• Top 10 DuckDuckGo results include a link to “,” which 301-redirects me to a page where I can donate money to the Obama campaign. Regardless of your political leanings, this doesn’t strike me as a particularly useful result based on the query.
  • Top 10 DuckDuckGo results also include a link to, which one can see is an incredibly out-of-date website—in fact, it hosts a splash page that urges users to go to instead.
  • Top 10 Google results include a link to, a news source that is local to me based on my location.
  • Top 10 Google results include links to the official Barack Obama Facebook and Twitter accounts.

Overall, the Google results seem not more partisan, but more useful. And when I have “personalized results” enabled, the last two results on the page are the only ones that change—to links that were recently shared within my Google+ circles. When you consider it, this is also useful: it allows me to quickly and easily access content that people I trust deem interesting or important.

Is Personalization Good or Bad For SEO?

People have heralded most every major change to search engine algorithms over the years as “the death of SEO,” and the shift towards more personalized results is no exception.

But personalization hasn’t killed SEO. As SEOmoz pointed out back in 2009 when “personalization for all” first launched, the basic process of optimizing a site for search engines has largely remained unchanged: create pages that are structurally accessible to search engines, target those pages with valuable keywords, and build comprehensive, high-quality content around those keywords that’s worthy of endorsements. Then, make an effort earn those endorsements—whether they be links or Likes.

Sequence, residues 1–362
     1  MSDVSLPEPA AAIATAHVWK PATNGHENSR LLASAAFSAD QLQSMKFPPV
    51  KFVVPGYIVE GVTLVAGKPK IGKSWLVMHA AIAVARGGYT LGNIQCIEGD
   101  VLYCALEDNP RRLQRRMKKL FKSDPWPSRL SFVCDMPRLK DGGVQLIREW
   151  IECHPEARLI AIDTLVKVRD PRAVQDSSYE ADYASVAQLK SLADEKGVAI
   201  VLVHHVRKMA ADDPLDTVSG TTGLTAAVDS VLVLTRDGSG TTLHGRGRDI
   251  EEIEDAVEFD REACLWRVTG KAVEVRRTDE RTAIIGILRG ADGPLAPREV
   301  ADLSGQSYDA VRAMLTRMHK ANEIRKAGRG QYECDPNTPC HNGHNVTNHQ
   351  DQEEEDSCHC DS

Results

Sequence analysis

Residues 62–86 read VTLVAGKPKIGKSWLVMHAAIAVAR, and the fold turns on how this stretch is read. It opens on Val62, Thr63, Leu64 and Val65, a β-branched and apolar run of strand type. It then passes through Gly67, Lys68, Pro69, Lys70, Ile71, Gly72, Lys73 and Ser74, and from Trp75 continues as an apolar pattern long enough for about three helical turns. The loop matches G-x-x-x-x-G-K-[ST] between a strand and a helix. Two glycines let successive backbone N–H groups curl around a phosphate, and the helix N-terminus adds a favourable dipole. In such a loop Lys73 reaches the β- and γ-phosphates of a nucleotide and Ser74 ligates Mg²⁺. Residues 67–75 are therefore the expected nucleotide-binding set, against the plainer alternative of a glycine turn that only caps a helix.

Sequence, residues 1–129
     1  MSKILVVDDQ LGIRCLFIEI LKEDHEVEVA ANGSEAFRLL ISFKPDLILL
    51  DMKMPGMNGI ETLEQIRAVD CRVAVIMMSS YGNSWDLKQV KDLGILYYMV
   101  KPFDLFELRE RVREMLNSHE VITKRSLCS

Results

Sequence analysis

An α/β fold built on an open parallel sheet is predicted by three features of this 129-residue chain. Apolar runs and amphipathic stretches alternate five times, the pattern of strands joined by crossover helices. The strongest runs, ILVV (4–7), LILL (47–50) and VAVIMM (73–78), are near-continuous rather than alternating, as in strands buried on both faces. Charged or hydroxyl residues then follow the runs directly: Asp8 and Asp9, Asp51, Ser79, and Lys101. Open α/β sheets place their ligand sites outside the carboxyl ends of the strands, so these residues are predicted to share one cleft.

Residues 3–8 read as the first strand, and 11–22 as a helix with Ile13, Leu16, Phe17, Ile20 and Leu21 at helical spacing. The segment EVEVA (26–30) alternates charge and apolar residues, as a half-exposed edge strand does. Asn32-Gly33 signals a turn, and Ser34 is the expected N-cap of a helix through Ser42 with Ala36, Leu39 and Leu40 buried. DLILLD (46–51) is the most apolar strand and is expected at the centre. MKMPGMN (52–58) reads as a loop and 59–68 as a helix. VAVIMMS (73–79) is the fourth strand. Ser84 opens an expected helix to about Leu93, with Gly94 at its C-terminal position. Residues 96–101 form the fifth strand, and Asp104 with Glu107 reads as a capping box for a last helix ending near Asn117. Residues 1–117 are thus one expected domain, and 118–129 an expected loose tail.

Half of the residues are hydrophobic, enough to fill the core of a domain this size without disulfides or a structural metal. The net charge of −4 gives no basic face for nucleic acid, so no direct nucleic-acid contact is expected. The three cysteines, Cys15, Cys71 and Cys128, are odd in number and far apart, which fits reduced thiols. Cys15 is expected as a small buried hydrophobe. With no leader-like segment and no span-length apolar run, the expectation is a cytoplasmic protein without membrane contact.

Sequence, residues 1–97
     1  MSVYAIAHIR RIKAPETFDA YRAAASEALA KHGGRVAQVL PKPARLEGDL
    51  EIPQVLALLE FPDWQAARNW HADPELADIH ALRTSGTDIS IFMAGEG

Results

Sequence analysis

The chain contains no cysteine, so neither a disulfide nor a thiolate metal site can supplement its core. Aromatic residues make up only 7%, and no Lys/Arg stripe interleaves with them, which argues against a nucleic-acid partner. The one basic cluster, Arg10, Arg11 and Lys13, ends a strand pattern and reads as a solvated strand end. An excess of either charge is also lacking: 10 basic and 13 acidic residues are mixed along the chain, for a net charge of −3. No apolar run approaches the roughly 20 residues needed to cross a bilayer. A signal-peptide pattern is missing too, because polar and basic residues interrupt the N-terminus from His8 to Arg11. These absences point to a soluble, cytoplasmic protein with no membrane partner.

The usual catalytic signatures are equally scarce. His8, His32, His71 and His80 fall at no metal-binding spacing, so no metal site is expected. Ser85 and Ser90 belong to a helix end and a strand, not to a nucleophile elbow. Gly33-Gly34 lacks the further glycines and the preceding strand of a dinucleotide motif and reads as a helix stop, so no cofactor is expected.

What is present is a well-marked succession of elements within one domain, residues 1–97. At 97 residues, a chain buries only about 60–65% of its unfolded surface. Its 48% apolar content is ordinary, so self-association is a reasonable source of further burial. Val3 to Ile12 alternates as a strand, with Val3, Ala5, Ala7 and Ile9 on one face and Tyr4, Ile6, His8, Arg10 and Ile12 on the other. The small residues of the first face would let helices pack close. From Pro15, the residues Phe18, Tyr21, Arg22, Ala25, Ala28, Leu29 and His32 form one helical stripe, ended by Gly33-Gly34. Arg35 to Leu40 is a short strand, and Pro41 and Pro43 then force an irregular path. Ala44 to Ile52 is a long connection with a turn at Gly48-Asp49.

In some ways, personalization has made the job of an SEO much easier. Rather than having to get a client’s website ranking #1 worldwide for “cardiologist” or “divorce lawyer” (which would probably be incredibly difficult), we can focus instead on a more targeted local search campaign. That’s not to say it won’t still be challenging or competitive, but a smaller target group necessarily means less competitors.

In other ways, personalization has also complicated things. SEOs will now need to be proficient in social media marketing tactics, or at least work closely with someone who is. With personalized search, social factors become an increasingly relevant ranking factor, and thus the line between search and social continues to blur.

Love it or hate it, search personalization is here to stay. And while we may need to adapt to this by broadening our skill set, the basic principles of SEO are still useful and still apply.